Hansas, Leeds prove you don’t need meat on the menu

I love meat, yeah I do. But I’ll tell you a little secret, I’m actually equally happy gobbling veg as long as it’s cooked well and it ain’t beans. Recently I had some vegetarian food that was cooked to absolute perfection and had me convinced I could go veggie if I really wanted to. That meal was at the ever-so-fabulous Hansas.

Award-winning Hansa’s has won accolade after accolade and yet in my five years in Leeds I hadn’t made it there. Try telling meat-loving dates that you want to take them to vegetarian restaurant and unfortunately sometimes they threaten not to put out and so it was put on the to-do list until eventually, it was done.  I’d heard over and over just how fantastic it was and simply had to go before I left Leeds and thank the lord of lentils I did.

On our midweek trip we were greeted by Hansa herself into a world of  soft lighting and instant snacks (crispy, spiced, battered veg of some kind). The restaurant doesn’t serve alcohol, which I didn’t mind a bit after a season of indulgence and I happily ordered a pineapple juice and the waitress offered to bring us a jug of water too (nice service). We arrived very early but there were other diners in there, including a couple who confessed to being regulars unable to stop coming back. At first, we did think the restaurant was maybe a little quiet but half way through some musicians came in and started playing music. This really is a restaurant with everything, except of course meat and alcohol, but the truth is it really doesn’t need it.

I was dining with my friend Catherine, who thankfully isn’t shy of trying new things, in fact, we tend to share meals when we eat out because we both look on the menu and want everything. On this occasion we shared a starter and went solo on the main course.

Hansa's Delight and Patra

Hansa's Delight and Patra

Up first was Hansa’s Delight (£3.95) – a juicy beef tomato stuffed with spiced paneer masala and deliciously dipped in light batter, served with tomato and tamarind sauce and Patra (£4.25), tropical colocasia leaves pasted with curried batter which are packed with onions, sweetcorn, mustard and sesame seeds. As you can see from the photo we split the goods between two plates, so I can assure you the initial presentation was more impressive. Both starters were flawless – the juicy tomato and silky paneer contrasted beautifully with the light, crisped batter.  The tamarind and tomato sauce was the perfect balance of sweet, sour and spice. The Patra was, dare I say it, really meaty in texture. It brought to mind some kind of wonderful vegetarian black pudding, with succulent, chunky veg combining with a little peppery heat in every bite.

chickpea kofte and potato curry

Rich and lovely chickpea kofte and potato curry

For my main course I opted for Bhagat Muthiya (£7.25), which meant crisp, flavoursome chickpea koftas bobbing in a lightly spiced and very fragrant curry sauce. One mouthful in and I was feeling ever so smug with my choice. It was colourful, it was filling and it was flavour-full.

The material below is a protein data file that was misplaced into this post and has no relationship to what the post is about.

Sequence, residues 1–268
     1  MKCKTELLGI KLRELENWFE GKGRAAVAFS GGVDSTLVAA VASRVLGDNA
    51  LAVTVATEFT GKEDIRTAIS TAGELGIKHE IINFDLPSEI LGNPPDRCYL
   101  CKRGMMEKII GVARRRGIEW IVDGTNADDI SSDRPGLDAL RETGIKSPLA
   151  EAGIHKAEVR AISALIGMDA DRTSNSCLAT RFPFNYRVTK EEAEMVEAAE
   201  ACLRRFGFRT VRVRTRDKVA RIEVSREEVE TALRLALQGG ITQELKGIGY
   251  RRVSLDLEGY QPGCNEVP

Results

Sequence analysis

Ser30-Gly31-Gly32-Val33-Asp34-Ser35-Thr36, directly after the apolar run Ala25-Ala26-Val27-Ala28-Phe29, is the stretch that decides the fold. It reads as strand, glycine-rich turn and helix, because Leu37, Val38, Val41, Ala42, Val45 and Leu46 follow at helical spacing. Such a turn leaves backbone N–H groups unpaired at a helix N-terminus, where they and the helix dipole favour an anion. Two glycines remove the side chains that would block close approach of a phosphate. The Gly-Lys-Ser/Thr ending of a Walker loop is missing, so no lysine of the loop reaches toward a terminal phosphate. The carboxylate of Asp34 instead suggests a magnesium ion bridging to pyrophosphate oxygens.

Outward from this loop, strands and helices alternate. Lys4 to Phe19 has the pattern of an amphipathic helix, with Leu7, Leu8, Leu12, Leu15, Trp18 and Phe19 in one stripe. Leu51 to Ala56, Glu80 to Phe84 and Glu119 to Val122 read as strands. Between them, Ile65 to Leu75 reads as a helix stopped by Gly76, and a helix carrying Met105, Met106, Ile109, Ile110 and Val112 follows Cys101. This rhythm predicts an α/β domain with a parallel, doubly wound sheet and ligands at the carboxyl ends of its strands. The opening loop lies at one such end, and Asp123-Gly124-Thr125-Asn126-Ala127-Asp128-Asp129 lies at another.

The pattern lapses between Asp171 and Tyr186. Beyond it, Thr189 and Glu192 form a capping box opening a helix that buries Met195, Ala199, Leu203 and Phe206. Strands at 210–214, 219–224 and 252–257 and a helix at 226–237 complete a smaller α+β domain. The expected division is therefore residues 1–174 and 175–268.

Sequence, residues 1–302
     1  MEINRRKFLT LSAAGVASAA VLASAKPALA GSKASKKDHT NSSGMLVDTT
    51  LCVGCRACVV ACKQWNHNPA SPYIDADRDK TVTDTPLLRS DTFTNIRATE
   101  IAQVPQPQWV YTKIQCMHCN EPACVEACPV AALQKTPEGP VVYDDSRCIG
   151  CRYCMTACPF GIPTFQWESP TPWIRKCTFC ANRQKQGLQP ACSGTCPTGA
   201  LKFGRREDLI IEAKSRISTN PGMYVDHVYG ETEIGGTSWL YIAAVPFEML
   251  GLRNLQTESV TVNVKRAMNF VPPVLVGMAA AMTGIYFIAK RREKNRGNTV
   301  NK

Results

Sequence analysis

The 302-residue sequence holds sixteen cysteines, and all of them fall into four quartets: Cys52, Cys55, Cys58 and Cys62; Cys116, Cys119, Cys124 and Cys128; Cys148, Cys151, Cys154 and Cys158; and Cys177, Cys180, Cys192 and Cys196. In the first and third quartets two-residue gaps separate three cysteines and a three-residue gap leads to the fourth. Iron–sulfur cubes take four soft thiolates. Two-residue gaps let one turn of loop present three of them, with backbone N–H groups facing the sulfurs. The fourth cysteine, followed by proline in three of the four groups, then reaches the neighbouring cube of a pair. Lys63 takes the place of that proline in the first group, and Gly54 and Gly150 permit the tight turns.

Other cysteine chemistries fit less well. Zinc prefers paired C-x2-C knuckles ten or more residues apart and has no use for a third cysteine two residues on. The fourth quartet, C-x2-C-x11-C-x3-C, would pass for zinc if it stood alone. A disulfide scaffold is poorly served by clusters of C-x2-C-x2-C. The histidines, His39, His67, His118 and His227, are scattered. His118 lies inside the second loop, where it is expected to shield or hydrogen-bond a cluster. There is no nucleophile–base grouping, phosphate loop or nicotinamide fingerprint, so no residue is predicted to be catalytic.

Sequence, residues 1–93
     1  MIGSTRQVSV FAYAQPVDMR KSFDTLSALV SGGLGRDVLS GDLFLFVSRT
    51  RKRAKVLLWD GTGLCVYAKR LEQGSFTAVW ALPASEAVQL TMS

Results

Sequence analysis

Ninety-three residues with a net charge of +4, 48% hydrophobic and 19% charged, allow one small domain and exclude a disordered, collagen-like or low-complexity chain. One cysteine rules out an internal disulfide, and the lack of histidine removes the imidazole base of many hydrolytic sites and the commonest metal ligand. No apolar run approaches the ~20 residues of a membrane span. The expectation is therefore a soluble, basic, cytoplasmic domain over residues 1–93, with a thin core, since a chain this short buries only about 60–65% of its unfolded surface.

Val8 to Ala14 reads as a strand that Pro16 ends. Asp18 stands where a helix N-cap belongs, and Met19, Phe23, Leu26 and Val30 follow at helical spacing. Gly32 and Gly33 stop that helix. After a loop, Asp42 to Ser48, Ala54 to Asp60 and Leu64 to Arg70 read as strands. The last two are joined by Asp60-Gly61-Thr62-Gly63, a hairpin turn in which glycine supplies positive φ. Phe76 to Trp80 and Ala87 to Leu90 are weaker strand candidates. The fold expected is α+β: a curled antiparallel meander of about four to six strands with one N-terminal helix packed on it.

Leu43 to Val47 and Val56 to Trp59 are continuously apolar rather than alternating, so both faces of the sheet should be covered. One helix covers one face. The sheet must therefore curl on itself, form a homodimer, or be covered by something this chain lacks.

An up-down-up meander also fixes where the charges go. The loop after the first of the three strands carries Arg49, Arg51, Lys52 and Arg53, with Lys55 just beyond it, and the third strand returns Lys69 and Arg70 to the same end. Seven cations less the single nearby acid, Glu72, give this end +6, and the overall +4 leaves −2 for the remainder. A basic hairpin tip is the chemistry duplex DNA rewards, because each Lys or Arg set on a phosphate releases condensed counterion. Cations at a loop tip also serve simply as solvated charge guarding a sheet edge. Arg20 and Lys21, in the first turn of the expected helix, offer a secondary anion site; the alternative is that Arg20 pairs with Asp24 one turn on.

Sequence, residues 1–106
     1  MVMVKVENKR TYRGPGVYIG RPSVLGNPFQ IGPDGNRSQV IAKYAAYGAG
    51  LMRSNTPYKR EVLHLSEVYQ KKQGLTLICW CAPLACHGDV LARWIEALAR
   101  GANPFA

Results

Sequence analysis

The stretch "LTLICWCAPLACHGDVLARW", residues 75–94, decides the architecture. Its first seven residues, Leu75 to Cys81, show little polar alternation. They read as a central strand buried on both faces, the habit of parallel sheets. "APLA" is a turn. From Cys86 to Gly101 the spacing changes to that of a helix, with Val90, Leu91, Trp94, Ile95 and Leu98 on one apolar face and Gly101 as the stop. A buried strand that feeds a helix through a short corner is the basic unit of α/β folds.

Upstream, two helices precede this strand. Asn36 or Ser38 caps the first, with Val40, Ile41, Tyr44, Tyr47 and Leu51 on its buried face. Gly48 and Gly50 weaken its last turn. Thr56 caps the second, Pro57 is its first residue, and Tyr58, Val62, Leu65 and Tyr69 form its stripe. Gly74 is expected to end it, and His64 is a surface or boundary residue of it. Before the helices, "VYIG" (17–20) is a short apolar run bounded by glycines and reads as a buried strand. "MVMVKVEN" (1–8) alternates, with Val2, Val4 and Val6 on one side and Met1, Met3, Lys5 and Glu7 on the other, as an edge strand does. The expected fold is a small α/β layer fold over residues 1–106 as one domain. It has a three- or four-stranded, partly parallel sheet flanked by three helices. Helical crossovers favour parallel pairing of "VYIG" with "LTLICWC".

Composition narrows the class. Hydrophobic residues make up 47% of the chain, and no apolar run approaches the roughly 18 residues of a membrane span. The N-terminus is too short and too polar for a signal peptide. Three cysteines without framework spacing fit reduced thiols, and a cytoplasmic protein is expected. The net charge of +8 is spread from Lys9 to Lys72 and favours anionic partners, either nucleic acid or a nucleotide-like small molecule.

Aubergines topped with onions, masala spice and ground peanuts

Aubergines topped with onions, masala spice and ground peanuts (Ringan na Ravaiya)

Catherine opted for the Ringan na Ravaiya (£6.95). The aubergines were large and ahem, meaty, without a hint of slime. They came topped with a masala spice, onions and ground peanuts. Catherine did mourn the fact her selection didn’t come with a traditional sauce, but she said the mix of flavours hit the spot and because I’m such a wonderful, giving person, I let her steal a few spoons of mine (that will give me brownie points for extra tries of her food choices in the future).

Our carby curry accompaniment of choice was bread, in the form of Puri (£1.25 for two pieces) and Batura (£1.50). The latter fried bread had fenugreek baked into it. In hindsight we probably could have gotten away with ordering only one lot of bread and had we, it would definitely have been the Batura, which proved a tasty mopping tool.

Batura

Fried bread with fenugreek, perfect to mop up my curry sauce with!

Greed and our mutual curiosity  about vegan puds led us to dessert. We ordered Sweet Sev (£4.75) to share, sweet vermicelli in ghee, with sultanas, almonds and plenty of cardomon. I was full to the brim but the sweet nectar that was masala tea loaded with a little brown sugar. I was also a tad giddy about the fact there was no risk of dairy after-effects.

Hansa’s is real gem in what is now a fairly hefty crown when it comes to Leeds’ restaurants. The range of flavours and attention to detail in mix of textures in the food I ate there is unrivalled by any meal I’ve eaten in any other restaurant. Oh, and it’s damn good value too. Hansa also organises trips to Gujarati, where her style of cooking originates and cookery demos. If I hadn’t left Leeds a mere four days after eating here, I’d definitely have been signing up. As it is, without a doubt I’ll be eating more vegetarian food in 2013 and actively searching out vegetarian restaurants in the North East. All recommendations are officially welcome!

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